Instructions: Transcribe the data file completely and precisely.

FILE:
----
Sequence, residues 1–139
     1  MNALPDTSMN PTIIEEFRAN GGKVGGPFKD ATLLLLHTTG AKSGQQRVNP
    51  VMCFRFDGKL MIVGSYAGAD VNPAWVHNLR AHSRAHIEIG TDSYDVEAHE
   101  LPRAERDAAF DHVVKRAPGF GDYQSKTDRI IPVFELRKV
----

Sequence, residues 1–139
     1  MNALPDTSMN PTIIEEFRAN GGKVGGPFKD ATLLLLHTTG AKSGQQRVNP
    51  VMCFRFDGKL MIVGSYAGAD VNPAWVHNLR AHSRAHIEIG TDSYDVEAHE
   101  LPRAERDAAF DHVVKRAPGF GDYQSKTDRI IPVFELRKV